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1. Coming of The ColecoVision
The Atari 2600 dealt with a lot of console competition, including the ColecoVision.
It didn’t take long for this powerful system to sell a million units and takedown Atari’s successor 5200 system. But too many systems in just a few years spelled the beginning of the end.
2. The Advent of Atari 5200
In a comedy of errors, Atari created a successor system to compete with Intellivision only to get slapped down by ColecoVision.
And it’s no surprise, the system didn’t really deliver better games or an improved experience over the 2600, much less better than its other competitors.
Meanwhile, the public was increasingly confused over what to buy and what to skip.
3. Enter the Intellivision
Despite its weird-looking controller, the Intellivision really had the goods when it came to delivering better-quality games.
But they fought a war on multiple fronts against both rival consoles and home computers. It was too much even for hardcore gamers to keep track of, much less beleaguered parents.
4. The Vectrex Visits
The Vectrex bombed, but it was really ahead of its time. A self-contained system and monitor that integrated arcade-style vector graphics.
Before the crash, Milton Bradley helped promote this system in Europe and around the world. And gamers hoping for an arcade-like experience at home now had yet another system to consider buying.
5. The Oncoming Odyssey²
The Magnavox Odyssey² provided fierce competition for the 2600 before the Intellivision and other systems came out. It helped that this system was marketed as both a computer and a game system.
Ultimately, this system provided some of the weakest graphics, but it was just one more cook in the overcrowded kitchen of early 1980s game systems.
6. Market Saturation
All of these systems added up to two dreaded words: market saturation. It was too much competition all at once, and consumers didn’t really know what to buy.
Think about the current confusion over Xbox One X, Xbox Series X, and Xbox Series S, and you might get an inkling over how confusing too many systems was to the average consumer.
7. Few Killer Titles
Even back in the day, system sales were driven by “killer” titles. Just as the original Xbox sold systems thanks to Halo: Combat Evolved, the Atari 2600 sold systems thanks to Space Invaders.
That game cemented the idea of having an arcade experience at home, but over time there weren’t enough killer titles to interest buyers.
8. Affordable Home Computers
This time period was about more than the rise and fall of early game systems. It was also about the advent of affordable home computers.
To someone with cash to burn, a home PC offered better games and graphics and could simply do a lot more than a home console.
Computers ultimately flourished at this time even as game systems failed left and right.
9. More Supply Than Demand
Having a successful business means understanding the laws of supply and demand. But Atari didn’t get the memo.
When demand for games jumped 100% from 1982 to 1983, Atari responded by increasing production by 175%.
They helped saturate their own market and hurt their own value, which is the quickest way to end up burying millions of cartridges in the desert.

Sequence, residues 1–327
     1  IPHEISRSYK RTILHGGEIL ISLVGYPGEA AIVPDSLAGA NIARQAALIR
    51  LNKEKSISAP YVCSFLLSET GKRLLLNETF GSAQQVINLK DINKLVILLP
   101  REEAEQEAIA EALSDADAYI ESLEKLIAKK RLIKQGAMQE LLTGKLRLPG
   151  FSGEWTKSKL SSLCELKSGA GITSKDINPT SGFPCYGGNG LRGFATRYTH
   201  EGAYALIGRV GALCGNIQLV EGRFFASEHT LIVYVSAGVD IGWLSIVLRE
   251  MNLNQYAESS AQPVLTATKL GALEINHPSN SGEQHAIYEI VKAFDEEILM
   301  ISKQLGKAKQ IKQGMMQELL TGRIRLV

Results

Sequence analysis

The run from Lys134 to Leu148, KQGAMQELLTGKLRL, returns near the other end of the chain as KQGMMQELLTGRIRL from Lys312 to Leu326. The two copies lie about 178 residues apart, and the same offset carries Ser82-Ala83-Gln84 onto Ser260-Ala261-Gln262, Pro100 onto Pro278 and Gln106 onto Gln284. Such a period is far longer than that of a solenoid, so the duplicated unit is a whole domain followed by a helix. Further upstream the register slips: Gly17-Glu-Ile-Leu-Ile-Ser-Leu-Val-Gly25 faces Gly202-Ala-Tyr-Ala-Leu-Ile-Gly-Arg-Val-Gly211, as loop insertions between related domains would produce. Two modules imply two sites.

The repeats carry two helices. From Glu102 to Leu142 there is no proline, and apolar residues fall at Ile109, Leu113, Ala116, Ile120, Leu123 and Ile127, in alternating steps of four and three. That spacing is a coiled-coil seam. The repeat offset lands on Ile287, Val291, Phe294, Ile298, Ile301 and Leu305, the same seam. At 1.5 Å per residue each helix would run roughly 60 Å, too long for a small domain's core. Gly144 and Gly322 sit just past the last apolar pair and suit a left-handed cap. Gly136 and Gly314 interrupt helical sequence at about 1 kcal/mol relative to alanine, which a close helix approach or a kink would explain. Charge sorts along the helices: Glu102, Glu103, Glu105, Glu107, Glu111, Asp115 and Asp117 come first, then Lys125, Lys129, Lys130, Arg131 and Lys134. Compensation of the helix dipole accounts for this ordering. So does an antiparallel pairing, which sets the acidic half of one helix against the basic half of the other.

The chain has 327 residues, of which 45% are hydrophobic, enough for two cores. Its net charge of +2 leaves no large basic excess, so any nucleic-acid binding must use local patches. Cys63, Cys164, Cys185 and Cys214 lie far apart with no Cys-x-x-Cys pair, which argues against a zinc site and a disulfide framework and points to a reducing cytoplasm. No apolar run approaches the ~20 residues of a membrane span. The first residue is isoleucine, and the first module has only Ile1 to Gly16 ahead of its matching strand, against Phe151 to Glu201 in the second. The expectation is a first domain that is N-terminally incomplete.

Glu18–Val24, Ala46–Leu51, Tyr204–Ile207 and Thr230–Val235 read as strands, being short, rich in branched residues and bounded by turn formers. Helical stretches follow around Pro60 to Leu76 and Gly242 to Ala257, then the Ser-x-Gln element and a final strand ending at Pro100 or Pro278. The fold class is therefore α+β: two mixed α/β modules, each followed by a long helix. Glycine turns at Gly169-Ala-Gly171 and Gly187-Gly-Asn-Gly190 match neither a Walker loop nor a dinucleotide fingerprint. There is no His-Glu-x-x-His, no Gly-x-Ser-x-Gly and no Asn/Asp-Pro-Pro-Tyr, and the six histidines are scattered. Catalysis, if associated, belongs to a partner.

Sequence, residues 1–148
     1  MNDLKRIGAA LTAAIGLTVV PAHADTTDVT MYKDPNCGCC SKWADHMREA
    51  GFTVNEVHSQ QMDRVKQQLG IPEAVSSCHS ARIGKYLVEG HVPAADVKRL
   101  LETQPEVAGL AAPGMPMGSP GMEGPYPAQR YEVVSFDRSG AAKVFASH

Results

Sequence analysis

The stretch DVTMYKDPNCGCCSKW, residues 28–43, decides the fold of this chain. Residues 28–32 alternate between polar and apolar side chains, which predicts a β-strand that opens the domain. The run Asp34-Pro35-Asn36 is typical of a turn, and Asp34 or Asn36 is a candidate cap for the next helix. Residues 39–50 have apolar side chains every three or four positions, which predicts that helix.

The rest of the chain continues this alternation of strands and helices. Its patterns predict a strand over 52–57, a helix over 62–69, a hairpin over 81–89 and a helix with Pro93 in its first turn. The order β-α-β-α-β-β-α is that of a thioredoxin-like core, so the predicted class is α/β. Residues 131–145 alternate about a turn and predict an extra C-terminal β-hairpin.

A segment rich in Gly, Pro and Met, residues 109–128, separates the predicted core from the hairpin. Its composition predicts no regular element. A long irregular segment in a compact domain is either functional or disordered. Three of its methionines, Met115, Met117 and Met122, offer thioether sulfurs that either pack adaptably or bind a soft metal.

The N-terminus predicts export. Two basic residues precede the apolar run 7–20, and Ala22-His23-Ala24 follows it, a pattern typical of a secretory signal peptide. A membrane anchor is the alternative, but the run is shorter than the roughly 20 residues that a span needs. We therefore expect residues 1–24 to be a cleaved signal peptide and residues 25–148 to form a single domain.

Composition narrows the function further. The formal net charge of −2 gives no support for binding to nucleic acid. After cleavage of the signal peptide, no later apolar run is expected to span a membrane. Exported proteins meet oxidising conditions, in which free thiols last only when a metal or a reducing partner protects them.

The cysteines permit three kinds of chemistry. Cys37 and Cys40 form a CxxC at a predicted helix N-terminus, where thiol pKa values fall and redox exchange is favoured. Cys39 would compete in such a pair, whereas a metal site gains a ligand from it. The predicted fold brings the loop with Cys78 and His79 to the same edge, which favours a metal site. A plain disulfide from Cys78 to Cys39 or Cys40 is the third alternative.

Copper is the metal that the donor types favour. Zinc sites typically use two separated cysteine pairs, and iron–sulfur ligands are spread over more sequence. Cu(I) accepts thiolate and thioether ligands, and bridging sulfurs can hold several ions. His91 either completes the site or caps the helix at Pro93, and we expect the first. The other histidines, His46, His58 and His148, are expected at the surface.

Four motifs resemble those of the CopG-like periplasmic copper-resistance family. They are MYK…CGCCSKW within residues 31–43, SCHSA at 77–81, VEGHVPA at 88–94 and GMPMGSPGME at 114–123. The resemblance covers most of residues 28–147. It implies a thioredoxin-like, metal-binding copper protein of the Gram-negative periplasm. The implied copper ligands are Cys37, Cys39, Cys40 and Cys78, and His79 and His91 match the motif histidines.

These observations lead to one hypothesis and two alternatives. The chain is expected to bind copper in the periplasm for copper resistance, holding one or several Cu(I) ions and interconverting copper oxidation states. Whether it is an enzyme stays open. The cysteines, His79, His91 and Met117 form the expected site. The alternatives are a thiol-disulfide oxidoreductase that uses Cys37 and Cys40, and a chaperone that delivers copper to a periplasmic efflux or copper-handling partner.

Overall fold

Over the years, Activision has created some of the most influential games in history. But the formation of the company actually precipitated the market crash.
That’s because Activision was made from some of Atari’s best former programmers who wanted more credit and money.
And the success of Activision led to countless third-party publishers that cranked out countless terrible games.
11. Terrible Games
Speaking of terrible games, this era had a ton of them. In addition to dreck like E.T., arcade ports of games like Donkey Kong and Pac-Man were downright awful.
Throw in shameless cash grabs and insane ideas (3D Tic-Tac-Toe, anyone?) and you can see why plenty of gamers simply saved their money for the arcade.
12. Stealing Ideas
One factor that certainly didn’t help matters was all the rampant theft. Companies were constantly luring programmers from rival companies.
In turn, programmers used reverse engineering to steal company secrets and make copycat games.
All of this was made easier because there were very few copyright laws governing video games at the time.
13. Insane Licensed Games
It’s an open secret that licensed games are usually pretty bad, and this all started with the Atari 2600.
In addition to E.T., there were insanely awful games based on Alien, Ghostbusters, James Bond, and more.
When consumers saw how badly their favorite movies were translated to games, they had no interest in buying these systems.
14. Awful Pac-Man Port
The 1982 Pac-Man port to the Atari 2600 was so awful that it helped signal the entire video game crash.
With its awful graphics and gameplay, a public consumed by “Pac-Man fever” was all too happy to turn their back on home consoles.
15. Price Wars
One of the biggest causes of the crash was prices for consoles and games.
Price wars between rival computers helped make them more affordable, drawing away dollars that might have gone to game consoles. Meanwhile, the different prices of all these systems led to an ongoing price war.
Finally, all those crappier games ended up in bargain bins that lured consumers in and gave a bad representation of what these systems could do.
Put it all together and you have a major video game crash. It would eventually take a company as creative as Nintendo to make video games a viable market once more.
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